Remove from the oven: my favorite way to get the pizza out of the oven is to use a metal pizza peel, it slides under the parchment or pizza easily and is easy to clean and maintain.
Transfer to a wooden board, cut into wedges and serve immediately.
Note 1: Make ahead –
- If not planning to bake the pizza right away place each pizza dough ball into a well-oiled container that will allow the dough to expand at least 2-3 times the current size, cover with a lid and refrigerate for up to 5 days.
- When ready to use leave at room temperature for about an hour and then stretch into a pizza, top with sauce, cheese, and toppings, and bake.
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Could you make this in advance and freeze this dough ?
This recipe turned out amazing. I used 2 1/2 cups all purpose flour and 1 1/2 cups durum wheat flour. I also went with the 4 tbsp of EVOO and the pizza turned out fantastic. It was very easy and pliable to work with and didn’t fight me to shape a round pizza on my stone. This recipe is perfect for me and the only one I’ll use in the future. Thank you for the recipe!
I got a New bread machine today, and this was the first recipe I tried! So easy! So yummy!
I was a little intimdated by the stretching instructions, as I’ve basically never handled dough before. Its why I got a bread machine of course. The first of the 4 dough balls got too stretched and ended up in the bin, but the next one went smoothly. I used silicone baking mats to stretch the dough and assemble the pizza, so I could easily tranfer it onto a hot cookie sheet. It worked great for me. I baked at 450 degrees for 12 minutes. I’d describe the crust as somewhere between digorno and papa johns, but tastier. Insanely delicious with garlic butter. Unless I’m specifically craving detroit style deep dish, I would be all too happy with this pizza anytime I’ve got that inkling for a good pizza.
This recipe has been wonderful! I dont know why there are any negative comments saying it didn’t work, it’s all about trial and error. Too watery add some more flour after 20 mins like it says, and all good! I’ve made this dough 3 times so far, first time came out perfect, I used quick ride yeast, the next time I used regular active dry yeast and the dough was SO sticky, didn’t come out nearly as well but it still made a really good pizza, third time I once again used quick rise yeast and it was perfection. So I highly recommend using bread flour and quick rise yeast 🙂
I just want to thank you for the recipe. I had packed my breadmaker away with the intent of selling it in the new year and discarded all my recipes, then me daughter asked if we could have home made pizza for Christmas dinner and yours was perfect ,it made the perfect crust the the everyone’s different pizzas. Again thank you and Merry Christmas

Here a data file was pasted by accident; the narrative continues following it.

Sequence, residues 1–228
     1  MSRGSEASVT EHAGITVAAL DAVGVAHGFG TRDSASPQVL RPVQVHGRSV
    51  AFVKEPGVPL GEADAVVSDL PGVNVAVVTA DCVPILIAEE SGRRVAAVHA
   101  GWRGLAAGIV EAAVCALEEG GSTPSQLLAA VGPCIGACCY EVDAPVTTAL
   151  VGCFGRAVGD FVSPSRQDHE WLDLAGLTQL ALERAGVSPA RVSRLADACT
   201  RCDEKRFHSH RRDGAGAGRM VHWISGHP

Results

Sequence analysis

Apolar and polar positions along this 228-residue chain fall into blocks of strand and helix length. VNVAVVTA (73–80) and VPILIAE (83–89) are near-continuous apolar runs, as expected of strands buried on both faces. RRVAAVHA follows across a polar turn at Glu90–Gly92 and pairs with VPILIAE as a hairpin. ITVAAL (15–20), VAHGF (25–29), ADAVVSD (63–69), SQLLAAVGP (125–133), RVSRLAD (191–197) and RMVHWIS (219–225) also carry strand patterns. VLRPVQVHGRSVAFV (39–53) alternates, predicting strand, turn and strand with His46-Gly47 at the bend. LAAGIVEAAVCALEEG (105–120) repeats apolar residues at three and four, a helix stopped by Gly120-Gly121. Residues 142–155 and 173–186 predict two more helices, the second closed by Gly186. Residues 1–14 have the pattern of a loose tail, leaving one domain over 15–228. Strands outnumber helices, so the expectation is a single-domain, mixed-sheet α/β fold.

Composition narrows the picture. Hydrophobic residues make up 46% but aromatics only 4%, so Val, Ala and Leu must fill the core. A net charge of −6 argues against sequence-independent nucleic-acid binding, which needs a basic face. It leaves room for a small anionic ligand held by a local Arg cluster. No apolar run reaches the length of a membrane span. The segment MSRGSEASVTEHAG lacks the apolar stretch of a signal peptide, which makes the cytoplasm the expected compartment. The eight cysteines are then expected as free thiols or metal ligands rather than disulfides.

I’ve made this recipe several times, as written, with zero issues. I came by the comments today for the first time because I’m getting ready to use the recipe to make garlic sticks to go with our pasta later and wondered if anyone else had tried it and left a comment or tips. I’m very confused by these comments. I’ve made perfect pizza dough in my bread machine over and over with this.
As is, too salty and watery! BUT I experimented a bit and with 1 and a third cup of water, and 1.5 teaspoons of kosher salt, it was perfect!!! Loved finding this because it tastes like crust- not like bread with pizza toppings.
Recipe is too wet. If the instructions ask me to go back to the bread machine and add flour, the recipe is incorrect. If you’re looking to make this, I would use maybe 1 cup of water as opposed to 1 and 3/4. My dough overflowed in my bread machine as well. It is simply to large a mass for a 1.5 pound bread machine.
The recipe is correct for my particular flour, water, bread maker, measuring tools and environment.
If you use all the same exact things I use, in the same exact environment you’ll get the same exact result. But, most likely we all are not using the same flour, or anything else, so while I give as much details as possible in the recipe so that you can replicate my success, I understand that your equipment and ingredient type/quality might be different which will have an impact on the end result.
To make sure that this recipe can work for ALL instances regardless of circumstances, etc. I give you ways to troubleshoot on the spot. Adjusting the recipes for your circumstances is what people do all the time.